Saving the World with Design Sprints

Looking at the future — or post-it notes

What’s a Kora?

A Kora is a loyalty point that you earn for being sustainable. Kora’s app helps its users save the world by rewarding sustainable action — biking, walking, recycling, buying organic and local produce and more. Community members are awarded Koras for actions that help improve the ecology, and by extension — the economy.

How could we help?

Meeting over dinner, Gilad told us about Kora’s strategic goals along with the obstacles. With the app soon launching in the App Store, he said, the team needs to amplify its social media presence. That meant getting more followers, engaging existing followers and improving Kora’s overall branding and messaging strategy.

The main Design Sprint objective was to help Kora create a social media messaging framework based on their values, mission and vision.

What is a Design Sprint?

(skip this part if you already know)
A Design Sprint is basically a sequence of goal-oriented exercises aimed at finding, prototyping and testing a solution. A design sprint challenges existing assumptions and poses tough questions — who are we creating this product for? What problem is it solving? Who are our core audience?

Miro board for Koras Design Sprint | Value proposition canva exercise + priority mapping
Final sprint Miro board

Getting started

Kora had a diverse team; Gilad — the founder, Jonathan the Strategist, Eldars the Head of Product and Jamie the social media manager. The team come from Britain, Israel, Canada, Russia, and Latvia, each representing a different culture. During the sprint, they united behind a single goal — achieving their sprint objective.

SPRINT FACTS:
Kora’s core team: 4 people
Design Sprint facilitators: 2 people
Total sessions: 4 (~4hrs per session)
Tools used: Hangouts, Miro app (a digital collaborative board), laptops and the good old pen and paper.

Kora Design Sprint team (left-to-right: Joe, Edijs, Maija, Gilad, Eldars and Ints)
Left-to-right: Joe, Edijs, Maija, Gilad, Eldars and Ints

Day 1 | Values & Mission

We started the sprint by outlining, discussing and agreeing on the company’s core values. As part of the exercise, each team member answered six questions, such as: how would your community describe you? How would you describe your customer? What do you sound like to others?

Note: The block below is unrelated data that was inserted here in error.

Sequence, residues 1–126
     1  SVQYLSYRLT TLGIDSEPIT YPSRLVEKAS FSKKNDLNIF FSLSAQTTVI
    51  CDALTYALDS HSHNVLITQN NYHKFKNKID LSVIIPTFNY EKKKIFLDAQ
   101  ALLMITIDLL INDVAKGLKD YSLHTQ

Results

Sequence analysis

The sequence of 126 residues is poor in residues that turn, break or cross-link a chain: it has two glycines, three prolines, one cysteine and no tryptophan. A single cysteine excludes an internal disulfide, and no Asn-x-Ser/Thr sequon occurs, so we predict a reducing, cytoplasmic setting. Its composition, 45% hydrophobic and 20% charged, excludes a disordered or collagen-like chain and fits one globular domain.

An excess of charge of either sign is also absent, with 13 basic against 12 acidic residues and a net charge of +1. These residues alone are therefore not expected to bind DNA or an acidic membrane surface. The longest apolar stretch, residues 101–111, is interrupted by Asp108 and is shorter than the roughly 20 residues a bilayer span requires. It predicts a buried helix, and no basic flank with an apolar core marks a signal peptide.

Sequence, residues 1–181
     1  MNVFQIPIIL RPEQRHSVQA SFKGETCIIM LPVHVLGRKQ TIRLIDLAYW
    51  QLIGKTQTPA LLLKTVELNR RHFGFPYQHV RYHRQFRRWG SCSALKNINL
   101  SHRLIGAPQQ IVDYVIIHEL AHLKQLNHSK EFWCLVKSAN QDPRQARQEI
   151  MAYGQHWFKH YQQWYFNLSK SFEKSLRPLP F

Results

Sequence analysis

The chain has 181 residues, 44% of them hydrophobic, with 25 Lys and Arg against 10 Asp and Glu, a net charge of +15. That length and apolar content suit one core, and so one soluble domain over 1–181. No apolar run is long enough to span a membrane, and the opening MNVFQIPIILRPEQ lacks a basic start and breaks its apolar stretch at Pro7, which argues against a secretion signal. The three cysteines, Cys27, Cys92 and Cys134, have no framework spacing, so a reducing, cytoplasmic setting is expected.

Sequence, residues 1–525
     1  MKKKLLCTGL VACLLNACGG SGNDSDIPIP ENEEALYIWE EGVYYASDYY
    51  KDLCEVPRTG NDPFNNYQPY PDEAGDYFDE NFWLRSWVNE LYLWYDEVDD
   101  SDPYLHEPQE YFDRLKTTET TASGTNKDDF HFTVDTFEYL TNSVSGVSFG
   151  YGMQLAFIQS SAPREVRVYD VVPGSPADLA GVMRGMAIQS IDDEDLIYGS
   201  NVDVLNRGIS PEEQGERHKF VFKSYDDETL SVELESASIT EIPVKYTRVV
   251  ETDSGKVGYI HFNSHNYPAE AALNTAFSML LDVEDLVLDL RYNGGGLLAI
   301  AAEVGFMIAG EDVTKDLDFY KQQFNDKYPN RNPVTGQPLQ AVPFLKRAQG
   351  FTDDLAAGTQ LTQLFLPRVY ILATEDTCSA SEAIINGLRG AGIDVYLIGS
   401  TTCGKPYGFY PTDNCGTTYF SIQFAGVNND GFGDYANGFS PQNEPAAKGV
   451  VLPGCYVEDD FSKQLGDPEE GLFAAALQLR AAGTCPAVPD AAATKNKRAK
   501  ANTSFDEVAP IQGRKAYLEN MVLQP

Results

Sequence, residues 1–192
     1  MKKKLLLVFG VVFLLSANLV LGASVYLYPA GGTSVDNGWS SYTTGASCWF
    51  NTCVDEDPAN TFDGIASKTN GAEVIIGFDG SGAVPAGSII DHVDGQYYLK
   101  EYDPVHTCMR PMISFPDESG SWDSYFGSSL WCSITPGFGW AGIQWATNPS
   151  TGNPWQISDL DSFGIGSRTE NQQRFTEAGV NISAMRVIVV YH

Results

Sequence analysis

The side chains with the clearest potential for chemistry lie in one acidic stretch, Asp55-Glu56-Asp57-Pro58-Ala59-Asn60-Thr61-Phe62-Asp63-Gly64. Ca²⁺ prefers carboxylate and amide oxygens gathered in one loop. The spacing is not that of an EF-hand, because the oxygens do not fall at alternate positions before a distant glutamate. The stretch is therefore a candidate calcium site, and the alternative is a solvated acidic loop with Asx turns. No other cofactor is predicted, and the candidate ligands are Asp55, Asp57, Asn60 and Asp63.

Kora Design Sprint | Kora's core team busy mapping their company's values
Kora’s busy-bees at work

Kora’s mission is to create a new economy for sustainable living.

Kora Design Sprint | Defining Kora's customer, voice, culture and impact
Defining Kora's customer, voice, culture and impact

Day 2 | Vision

By Day 2, Kora’s team had outlined their core values and mission statement.
They now needed a vision.

Kora’s vision statement is a world that rewards sustainability.‍

Day 2 | Expert feedback

Since it’s impossible for someone to know everything about a company, product or vision, Jake Knapp suggests asking experts. So we did. Over Zoom, we asked Mark and Dan, both longtime friends of Jonathan, for their take on Kora’s mission and vision statements.

Mark and Daniel were the Design Sprint experts, providing an outsider view.
As the team listened to the experts, facilitators took notes and posted them on the board

Day 3 | Value Proposition + Roadmap

Once we had Kora’s core messaging, it was time to turn concepts into action!

Kora Design Sprint | Value Proposition canvas — finding the product-customer fit.
Using value proposition canvas to find the right product-customer fit.
  1. What are the things we need to do to move to the next steps?
  2. What are the things we need to address/ resolve before we’re able to move on to the next step?
  3. What are the positive, enjoyable things that improve our customer experience?
  4. What are the frustrations and annoyances that spoil our customer experiences?
  5. What are the design enhancements that you could implement in a new product (or feature) that addresses any of the problems identified?

Day 4 | Messaging Roadmap

The main design sprint objective was to help Kora create a social media messaging framework. Now that the team had laid a solid foundation — Kora’s vision, mission and vision, we could help with building a messaging framework around those concepts.

Messaging Roadmap(s)
For Kora’s team to implement the sprint results, we first worked on creating individual messaging priorities — which messages were important for each team member. The team then voted and we arranged the messaging priorities into three KPI-based roadmaps: Strategic, Tactical, and General.

Kora’s messaging roadmap later served as the basis for their social media strategy.
Kora’s messaging roadmap later served as the basis for their social media strategy.

Conclusion

The job of a design sprint is to provide teams with a framework for expressing, creating and testing their ideas.

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Idea Partners

Idea Partners

Running Product Design Sprints and UX/UI Bootcamp at ideapartners.co